One would think that all that dreamy-eyed optimism would have been dulled down a little after so much time plugging away and dealing with the stress of city life. But, these days, if I ever catch myself getting downhearted, whether it's simply annoyance with daily life in the city, or all out negative thoughts about my chances of really succeeding at what I'm trying to do, all I have to do is open my eyes and look at the city around me. I'll inevitably catch something that makes me realize what I find in this city that makes me want to stay, regardless of how little return I see sometimes in terms of success at my career.
Whenever I've been asked the question why I moved to New York City, why I chose to move to New York City over the myriad options open to me after I split from my ex wife, when not simply stating it for those who cared (or didn't care) to know, I've often felt like I was defending a decision that the other person deemed crazy for whatever reason. Not always, though. Sometimes the person was just curious because they're either from here and never thought of their hometown as a destination, or because they just ended up here themselves rather more arbitrarily than I did and are more than likely getting tired of it and thinking about leaving.
But when I did find myself defending this absurd decision (to those who deemed it absurd), I would go to the more practical reasons first, the music and entertainment career opportunities, the not so hot summers, the chance to live in an exciting metropolitan area as a young person in the prime of his life. Things like that. And I save all the "I've been infatuated with this place since I was a teenager" stuff for other safer spaces, conversations with friends and family who don't think I'm crazy for wanting to subject myself to such a hectic, noisy, dirty, mean, depressing, harrowing place where dreams can die just as surely as not, and where the rent is so high because space is at a premium, (and space is a relative term) and the landlords so cheap they will let mushrooms grow out of your ceiling before they consent to do anything about it and where cabs won't always take you to Brooklyn from Manhattan sometimes, and people get mugged and people push you around, and where I almost got in a fight in the subway the other day, and the subway never comes on time and there's always track work and where not only the federal and state governments tax your income but the city government does as well and where terrorists have attacked multiple times, and where there are almost as many homeless people as there are pigeons and rats and…do you see what I'm up against trying to explain to someone why I would want to live here?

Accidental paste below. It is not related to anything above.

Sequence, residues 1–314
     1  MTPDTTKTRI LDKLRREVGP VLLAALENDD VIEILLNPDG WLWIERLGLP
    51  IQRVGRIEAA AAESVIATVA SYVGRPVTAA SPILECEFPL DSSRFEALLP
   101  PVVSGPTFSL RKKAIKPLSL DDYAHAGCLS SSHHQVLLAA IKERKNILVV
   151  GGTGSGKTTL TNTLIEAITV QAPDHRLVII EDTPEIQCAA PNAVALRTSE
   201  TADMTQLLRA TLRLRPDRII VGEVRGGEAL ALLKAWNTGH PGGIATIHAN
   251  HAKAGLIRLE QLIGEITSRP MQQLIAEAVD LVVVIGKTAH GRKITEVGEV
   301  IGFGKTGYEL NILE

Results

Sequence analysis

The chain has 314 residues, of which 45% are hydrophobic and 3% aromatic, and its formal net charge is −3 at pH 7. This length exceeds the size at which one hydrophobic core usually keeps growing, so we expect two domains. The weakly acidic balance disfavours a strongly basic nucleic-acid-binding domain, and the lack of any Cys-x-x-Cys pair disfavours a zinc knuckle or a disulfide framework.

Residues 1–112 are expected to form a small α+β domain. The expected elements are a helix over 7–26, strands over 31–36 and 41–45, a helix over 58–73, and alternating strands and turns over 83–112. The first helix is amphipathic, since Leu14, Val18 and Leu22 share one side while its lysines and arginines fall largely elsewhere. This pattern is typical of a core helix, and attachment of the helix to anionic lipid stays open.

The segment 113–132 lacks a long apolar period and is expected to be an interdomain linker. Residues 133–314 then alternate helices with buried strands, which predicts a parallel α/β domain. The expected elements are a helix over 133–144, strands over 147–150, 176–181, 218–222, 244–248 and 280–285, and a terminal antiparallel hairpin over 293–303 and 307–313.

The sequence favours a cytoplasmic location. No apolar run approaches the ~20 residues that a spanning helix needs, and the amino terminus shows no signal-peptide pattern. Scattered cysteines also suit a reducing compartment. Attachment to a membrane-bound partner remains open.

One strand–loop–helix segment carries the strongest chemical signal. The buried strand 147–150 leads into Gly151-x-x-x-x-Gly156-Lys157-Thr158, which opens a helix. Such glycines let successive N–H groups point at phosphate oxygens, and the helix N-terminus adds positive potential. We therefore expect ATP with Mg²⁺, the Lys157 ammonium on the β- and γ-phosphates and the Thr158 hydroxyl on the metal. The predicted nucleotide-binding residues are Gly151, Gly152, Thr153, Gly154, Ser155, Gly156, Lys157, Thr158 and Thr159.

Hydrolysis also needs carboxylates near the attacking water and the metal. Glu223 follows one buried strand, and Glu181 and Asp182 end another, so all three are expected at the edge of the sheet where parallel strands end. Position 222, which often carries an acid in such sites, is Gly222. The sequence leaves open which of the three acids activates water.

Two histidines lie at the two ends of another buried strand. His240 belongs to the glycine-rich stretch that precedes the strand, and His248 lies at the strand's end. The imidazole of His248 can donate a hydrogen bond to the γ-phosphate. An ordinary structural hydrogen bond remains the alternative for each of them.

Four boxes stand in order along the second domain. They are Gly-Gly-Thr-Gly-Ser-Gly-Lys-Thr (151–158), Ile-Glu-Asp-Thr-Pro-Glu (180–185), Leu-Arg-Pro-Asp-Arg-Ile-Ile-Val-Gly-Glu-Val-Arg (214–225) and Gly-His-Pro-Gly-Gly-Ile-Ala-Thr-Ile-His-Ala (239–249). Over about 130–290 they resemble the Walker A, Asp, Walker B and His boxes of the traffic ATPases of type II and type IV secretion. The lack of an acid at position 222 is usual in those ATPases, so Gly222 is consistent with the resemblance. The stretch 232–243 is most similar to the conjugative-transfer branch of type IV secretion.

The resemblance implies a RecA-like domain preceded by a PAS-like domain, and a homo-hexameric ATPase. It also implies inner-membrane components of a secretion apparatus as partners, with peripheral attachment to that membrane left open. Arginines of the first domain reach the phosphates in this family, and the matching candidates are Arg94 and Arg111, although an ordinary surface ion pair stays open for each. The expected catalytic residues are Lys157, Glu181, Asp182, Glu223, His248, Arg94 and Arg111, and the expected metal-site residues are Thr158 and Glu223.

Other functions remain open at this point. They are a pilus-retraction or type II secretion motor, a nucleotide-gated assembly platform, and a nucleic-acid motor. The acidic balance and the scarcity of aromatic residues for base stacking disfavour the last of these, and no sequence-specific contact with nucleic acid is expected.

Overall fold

It all has to do with perspective, though. Those things don't seem all that troubling when you take into account that some of the above mentioned things could happen in a number of different places, and are not exclusive to NYC. But beyond that even, if you like a place enough you can forgive it for things like that. Especially considering I have an even longer list of reasons why I wanted to move here and reasons why I like it now that I'm here and have been surviving for the past three years. There's some overlap there but there are also things I like now that I'm here that I couldn't have imagined being so cool before I moved up here. The rumor of NYC can't possibly encompass everything that's so attractive about it.